In a caffeine-driven society, the average collegiate princess who is vying for her way to the top has a fairly consistent daily routine that revolves around casually throwing on the most comfortable attire for classes, and a properly tailored suit tucked into the corner of her closet for events that actually require business casual. The need for inspiration and more importantly, motivation, to dress in a nice blouse or fancy dress is limited when the majority of the day is spent jetting from one corner of campus to the other. Anyone who has a valid internet connection and a fascination with fashion will one day find themselves scrolling through a list of fashion bloggers who have graced the cyber world with photographic documentation of elegant and eccentric daily outfits. I have developed an increase in respect for these women and men who are committed enough to firstly wear stylish outfits on a daily basis, and secondly, to document them for the entire online community to view without fear of negative judgement.
The online fashion blog world has seen a growth in its community within recent years. Symposiums and conferences are continuing to expand to display the talents of the online blog community. In our very own back yard is the Texas Style Council Conference, which “fosters genuine connections” and encourages participants to be the “best versions of themselves. No matter how big or how small.” This past March, the council hosted a conference which featured Kendi Skeen of Kendi Everyday, the woman behind the 30 for 30 wardrobe remix, winner of the 2011 Austin American-Statesman Texas Social Media Award, and inspiration for my own 30 piece wardrobe challenge.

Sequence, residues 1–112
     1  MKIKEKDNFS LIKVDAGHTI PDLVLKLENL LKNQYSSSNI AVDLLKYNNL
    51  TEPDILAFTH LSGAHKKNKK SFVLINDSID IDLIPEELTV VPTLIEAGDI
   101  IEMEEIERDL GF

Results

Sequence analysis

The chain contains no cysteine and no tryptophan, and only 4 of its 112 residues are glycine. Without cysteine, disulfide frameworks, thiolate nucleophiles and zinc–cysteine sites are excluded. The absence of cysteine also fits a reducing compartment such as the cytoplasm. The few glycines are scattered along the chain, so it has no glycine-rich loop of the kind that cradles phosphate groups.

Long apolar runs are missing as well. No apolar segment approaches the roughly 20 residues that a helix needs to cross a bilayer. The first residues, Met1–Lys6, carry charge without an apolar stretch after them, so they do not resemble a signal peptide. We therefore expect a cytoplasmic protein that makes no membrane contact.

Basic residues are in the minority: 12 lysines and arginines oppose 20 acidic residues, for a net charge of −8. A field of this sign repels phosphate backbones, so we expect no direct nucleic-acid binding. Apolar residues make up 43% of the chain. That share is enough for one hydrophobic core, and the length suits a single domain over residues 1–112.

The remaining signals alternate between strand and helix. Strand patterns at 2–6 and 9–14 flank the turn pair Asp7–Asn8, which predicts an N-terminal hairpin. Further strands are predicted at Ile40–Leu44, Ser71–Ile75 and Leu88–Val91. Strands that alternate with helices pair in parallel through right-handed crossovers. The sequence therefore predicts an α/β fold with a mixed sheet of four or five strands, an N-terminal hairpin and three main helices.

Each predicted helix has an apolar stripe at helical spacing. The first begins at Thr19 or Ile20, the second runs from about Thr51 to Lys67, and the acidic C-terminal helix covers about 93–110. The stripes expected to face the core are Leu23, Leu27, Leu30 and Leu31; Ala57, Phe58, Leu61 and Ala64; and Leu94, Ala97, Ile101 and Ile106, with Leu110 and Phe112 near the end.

“She really inspires the everyday woman. Her blog isn’t called ‘Kendi Everyday’ because she takes her picture every day, it’s because the everyday woman can relate to her,” says Indiana Adams, creator and conference organizer of the Texas Style Council conference.
Skeen’s daily documentations provide not only every day style that has allowed her to be recognized through awards, but is also daily inspiration for me to shut up, look in my closet, and actually choose appropriate daily wear. It was because of her that I conjured up the courage to pursue the wardrobe remix challenge and even start a blog in the first place. The power of social media has increased within the recent years, and the manner that Skeen has used it to brand herself shows the potential success that can be achieved.
“Social media is the only way that I am able to reach my readers each day . . . I can instantly connect to readers at any time,” Skeen says.
In the same manner as those before me, I began this blog as an outlet to find my style, document my struggles in a major only few currently understand, and ultimately, make a brand for myself. I don’t blog in order to feed my ego, nor do I have any desire for it to be fed. It is simply another outlet of expression – an online public journal if you will. Although photographic evidence for my 30 for 3 adventure has been limited, I can guarantee you that I have learned a lot about the flexibility of my closet.